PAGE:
PATIENTS receiving treatment for cancer will no longer be forced to seek work if they want to keep sickness benefits, the government has announced.
Ministers are to end a distinction which meant those getting oral forms of chemotherapy and radiotherapy could be placed in categories that required them to make efforts to return to work.
The move is part of the official response to a review of fit-to-work assessments and was welcomed by Macmillan Cancer Support, which led protests against the split.
Employment minister Mark Hoban, who announced the move in a Commons written ministerial statement, said: “Treatment for cancer is changing and we need to reflect this in the benefits system.
“We have listened to cancer charities and people suffering from cancer, and I am very pleased we can play our part in reducing the burden on people during what everyone knows is a particularly difficult time.”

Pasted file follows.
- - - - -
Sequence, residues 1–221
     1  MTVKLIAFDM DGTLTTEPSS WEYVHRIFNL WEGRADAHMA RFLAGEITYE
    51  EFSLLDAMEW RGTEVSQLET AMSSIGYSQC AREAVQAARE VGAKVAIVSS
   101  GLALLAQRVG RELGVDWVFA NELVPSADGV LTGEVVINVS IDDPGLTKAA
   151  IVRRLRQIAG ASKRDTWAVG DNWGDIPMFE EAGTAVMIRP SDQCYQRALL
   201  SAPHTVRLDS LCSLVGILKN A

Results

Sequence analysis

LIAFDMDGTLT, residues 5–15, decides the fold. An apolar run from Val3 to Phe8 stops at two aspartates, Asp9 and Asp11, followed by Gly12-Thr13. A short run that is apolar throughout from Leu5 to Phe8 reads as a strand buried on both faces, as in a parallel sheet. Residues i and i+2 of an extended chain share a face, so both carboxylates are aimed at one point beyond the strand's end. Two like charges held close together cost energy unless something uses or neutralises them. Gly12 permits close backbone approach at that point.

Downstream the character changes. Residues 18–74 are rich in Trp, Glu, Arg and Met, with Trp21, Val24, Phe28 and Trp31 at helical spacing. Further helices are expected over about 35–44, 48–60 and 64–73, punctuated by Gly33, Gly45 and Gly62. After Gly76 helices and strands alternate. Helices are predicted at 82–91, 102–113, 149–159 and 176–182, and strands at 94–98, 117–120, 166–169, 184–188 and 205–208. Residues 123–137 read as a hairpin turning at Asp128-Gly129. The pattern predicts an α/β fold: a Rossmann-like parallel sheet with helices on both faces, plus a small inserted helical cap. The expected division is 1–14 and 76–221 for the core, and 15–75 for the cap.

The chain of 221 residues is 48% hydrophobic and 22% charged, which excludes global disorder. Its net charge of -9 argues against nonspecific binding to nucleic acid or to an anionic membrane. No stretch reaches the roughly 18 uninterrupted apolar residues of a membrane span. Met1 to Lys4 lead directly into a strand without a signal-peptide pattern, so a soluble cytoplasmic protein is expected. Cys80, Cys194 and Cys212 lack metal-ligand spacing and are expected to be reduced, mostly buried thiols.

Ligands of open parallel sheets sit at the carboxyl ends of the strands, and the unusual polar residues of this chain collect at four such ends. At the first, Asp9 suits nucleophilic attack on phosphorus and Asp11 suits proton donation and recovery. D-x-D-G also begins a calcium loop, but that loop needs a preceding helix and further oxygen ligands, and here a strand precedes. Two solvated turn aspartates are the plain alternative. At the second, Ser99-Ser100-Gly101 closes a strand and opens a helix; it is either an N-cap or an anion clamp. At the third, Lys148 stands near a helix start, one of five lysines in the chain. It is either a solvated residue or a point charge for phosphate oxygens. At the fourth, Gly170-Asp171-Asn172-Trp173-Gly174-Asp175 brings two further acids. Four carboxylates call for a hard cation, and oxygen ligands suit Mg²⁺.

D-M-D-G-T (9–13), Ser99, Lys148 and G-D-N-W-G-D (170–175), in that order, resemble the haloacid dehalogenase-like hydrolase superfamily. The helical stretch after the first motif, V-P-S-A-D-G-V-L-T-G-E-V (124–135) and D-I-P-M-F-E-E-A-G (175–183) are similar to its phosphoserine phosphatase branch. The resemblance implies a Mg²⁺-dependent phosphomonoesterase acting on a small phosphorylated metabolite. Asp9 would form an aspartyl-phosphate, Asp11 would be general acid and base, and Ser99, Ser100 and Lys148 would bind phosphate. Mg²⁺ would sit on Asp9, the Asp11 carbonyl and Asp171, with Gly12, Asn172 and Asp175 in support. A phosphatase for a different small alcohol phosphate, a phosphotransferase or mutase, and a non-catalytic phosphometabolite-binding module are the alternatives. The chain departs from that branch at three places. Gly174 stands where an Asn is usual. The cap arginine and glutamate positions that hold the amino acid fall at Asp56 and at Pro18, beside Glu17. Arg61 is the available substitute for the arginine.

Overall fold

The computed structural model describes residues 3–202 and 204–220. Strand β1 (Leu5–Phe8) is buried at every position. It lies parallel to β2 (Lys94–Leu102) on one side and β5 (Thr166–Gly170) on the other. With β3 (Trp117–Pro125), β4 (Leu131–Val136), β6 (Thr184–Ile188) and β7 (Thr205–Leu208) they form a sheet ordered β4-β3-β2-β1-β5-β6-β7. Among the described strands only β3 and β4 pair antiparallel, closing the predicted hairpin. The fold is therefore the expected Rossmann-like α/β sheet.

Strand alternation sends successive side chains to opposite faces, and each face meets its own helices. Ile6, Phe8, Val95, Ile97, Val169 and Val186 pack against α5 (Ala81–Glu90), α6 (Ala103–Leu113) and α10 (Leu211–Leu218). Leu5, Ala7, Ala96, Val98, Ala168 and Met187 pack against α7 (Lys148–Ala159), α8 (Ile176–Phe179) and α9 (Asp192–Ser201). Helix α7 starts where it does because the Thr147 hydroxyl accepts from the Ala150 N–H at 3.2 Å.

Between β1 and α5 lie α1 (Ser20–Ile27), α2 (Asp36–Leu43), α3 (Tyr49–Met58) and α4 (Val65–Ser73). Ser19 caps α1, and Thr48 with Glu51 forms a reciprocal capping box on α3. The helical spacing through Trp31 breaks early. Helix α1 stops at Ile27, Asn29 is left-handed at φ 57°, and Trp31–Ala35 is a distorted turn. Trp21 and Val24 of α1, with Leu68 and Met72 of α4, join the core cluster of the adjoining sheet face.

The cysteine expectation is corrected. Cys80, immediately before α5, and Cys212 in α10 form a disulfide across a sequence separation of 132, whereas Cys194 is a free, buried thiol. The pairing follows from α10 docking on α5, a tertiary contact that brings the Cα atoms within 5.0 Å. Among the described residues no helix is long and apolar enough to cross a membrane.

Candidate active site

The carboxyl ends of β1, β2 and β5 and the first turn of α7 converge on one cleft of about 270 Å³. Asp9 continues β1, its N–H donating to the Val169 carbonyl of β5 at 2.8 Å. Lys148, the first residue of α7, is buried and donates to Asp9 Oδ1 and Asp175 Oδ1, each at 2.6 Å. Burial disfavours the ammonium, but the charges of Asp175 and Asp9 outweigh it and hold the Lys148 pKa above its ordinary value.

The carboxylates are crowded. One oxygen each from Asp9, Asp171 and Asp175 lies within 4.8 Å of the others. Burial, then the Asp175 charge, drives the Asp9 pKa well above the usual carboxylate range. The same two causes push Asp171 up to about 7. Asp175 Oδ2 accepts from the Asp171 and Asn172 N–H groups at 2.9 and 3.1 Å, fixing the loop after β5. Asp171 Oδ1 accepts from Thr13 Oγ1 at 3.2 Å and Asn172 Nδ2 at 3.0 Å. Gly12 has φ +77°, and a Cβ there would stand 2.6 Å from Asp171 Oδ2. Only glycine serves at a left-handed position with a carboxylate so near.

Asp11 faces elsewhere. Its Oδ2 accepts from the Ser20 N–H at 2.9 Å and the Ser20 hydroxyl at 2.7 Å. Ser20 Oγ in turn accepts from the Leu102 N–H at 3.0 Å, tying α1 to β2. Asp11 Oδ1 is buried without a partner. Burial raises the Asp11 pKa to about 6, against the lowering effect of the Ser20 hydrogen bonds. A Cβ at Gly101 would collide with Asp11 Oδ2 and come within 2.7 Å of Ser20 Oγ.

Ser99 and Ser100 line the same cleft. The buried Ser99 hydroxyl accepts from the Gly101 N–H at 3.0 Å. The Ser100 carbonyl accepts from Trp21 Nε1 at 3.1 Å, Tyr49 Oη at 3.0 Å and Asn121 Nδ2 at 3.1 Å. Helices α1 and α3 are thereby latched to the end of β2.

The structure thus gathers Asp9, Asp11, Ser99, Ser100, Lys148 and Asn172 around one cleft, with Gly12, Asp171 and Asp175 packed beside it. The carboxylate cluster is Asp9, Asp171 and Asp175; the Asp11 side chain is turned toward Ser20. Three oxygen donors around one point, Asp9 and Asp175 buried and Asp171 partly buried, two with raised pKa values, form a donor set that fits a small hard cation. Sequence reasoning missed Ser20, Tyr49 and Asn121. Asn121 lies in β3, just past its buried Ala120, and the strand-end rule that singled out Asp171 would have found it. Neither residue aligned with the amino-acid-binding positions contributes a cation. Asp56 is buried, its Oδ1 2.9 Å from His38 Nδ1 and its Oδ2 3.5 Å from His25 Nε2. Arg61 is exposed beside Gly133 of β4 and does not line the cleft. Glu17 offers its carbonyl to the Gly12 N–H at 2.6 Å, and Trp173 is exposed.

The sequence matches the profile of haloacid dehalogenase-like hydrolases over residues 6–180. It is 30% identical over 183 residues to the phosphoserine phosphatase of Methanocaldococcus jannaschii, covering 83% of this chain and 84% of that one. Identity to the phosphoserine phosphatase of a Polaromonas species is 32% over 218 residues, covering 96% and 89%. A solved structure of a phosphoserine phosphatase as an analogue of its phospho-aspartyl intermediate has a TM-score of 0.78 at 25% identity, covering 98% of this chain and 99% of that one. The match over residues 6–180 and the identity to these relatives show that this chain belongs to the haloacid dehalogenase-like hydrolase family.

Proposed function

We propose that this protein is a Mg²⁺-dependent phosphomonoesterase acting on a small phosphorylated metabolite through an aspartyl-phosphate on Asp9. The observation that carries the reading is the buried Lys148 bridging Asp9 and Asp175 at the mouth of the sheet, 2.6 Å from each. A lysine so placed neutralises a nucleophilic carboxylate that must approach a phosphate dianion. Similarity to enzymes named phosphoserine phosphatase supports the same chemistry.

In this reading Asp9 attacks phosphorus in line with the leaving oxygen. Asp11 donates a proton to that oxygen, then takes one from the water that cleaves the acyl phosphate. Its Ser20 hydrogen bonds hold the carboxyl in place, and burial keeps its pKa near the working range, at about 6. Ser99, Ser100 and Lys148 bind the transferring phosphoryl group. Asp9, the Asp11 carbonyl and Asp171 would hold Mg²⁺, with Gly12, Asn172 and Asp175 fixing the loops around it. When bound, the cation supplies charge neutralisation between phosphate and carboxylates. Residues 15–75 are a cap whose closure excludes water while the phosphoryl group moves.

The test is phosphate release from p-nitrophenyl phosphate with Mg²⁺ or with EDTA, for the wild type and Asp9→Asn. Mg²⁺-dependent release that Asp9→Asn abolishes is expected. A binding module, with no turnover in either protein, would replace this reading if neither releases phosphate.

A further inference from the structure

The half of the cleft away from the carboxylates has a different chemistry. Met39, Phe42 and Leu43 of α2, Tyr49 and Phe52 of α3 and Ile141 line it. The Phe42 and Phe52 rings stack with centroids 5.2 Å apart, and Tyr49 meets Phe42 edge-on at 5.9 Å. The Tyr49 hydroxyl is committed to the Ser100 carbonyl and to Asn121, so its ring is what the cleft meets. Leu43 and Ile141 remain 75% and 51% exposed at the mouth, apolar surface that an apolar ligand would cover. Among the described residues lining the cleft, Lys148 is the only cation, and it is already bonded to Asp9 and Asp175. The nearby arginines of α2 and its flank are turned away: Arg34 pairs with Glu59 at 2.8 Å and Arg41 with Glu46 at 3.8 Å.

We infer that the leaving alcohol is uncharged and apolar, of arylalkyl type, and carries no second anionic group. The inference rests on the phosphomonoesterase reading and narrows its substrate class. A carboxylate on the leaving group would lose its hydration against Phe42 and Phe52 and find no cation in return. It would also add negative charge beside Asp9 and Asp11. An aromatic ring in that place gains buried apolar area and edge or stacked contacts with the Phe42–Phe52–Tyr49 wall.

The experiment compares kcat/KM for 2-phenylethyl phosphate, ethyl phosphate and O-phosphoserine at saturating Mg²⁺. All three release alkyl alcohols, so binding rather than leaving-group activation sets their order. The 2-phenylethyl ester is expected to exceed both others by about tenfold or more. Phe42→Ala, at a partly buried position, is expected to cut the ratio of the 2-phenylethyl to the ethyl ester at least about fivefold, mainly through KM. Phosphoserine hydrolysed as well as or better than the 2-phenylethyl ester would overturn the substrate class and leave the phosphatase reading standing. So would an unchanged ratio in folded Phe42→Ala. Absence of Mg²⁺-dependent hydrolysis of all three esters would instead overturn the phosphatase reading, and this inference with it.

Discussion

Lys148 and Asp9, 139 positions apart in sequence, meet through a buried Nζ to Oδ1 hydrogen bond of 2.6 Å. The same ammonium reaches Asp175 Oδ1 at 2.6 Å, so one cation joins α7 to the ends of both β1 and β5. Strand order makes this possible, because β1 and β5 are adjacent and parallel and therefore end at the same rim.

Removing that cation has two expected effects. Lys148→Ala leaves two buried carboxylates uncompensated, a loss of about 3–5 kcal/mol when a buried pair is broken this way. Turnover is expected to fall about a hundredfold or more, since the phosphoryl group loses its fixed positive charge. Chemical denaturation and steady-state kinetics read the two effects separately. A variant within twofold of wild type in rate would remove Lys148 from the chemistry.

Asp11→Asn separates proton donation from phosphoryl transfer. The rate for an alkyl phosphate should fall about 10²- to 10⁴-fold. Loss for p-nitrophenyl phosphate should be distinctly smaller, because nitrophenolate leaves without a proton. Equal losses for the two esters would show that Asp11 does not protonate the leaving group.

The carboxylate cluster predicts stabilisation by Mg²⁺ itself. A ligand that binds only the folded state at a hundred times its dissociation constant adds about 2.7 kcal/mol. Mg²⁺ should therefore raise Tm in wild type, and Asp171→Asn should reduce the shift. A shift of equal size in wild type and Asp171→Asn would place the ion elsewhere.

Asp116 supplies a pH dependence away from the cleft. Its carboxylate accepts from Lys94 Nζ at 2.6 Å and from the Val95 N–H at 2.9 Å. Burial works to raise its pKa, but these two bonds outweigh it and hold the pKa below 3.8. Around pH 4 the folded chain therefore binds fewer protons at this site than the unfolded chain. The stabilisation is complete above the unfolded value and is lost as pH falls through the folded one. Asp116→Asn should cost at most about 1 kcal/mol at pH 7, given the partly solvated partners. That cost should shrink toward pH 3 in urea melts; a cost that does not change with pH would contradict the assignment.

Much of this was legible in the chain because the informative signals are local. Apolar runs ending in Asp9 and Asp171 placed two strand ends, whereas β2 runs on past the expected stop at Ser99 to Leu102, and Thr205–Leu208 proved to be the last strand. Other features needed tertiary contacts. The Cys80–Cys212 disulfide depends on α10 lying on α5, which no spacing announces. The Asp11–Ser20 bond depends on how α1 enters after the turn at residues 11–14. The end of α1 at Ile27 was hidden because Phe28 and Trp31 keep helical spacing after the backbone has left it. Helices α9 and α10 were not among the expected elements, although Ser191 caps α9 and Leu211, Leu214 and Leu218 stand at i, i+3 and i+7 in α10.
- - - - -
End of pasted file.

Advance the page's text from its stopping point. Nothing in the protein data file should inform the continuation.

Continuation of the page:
It was one of several “considerable improvements” already made to the controversial work capability assessment system as a result of the Harrington Review, he said.
Professor Malcolm Harrington, a leading occupational therapist, was appointed as the independent reviewer of the work capability assessment procedure, but announced earlier this year he was leaving the role.
Macmillan director of policy Mike Hobday said the charity would maintain the pressure to ensure the proposed changes were put into effect.
“We welcome the government’s announcement that more cancer patients will avoid having to face stressful medical assessments or back-to-work interviews while experiencing the effects of gruelling treatments,” he said.
“Macmillan campaigned vigorously for greater protection for cancer patients who are too sick to work,” Mr Hobday said. “We are delighted the government has listened.”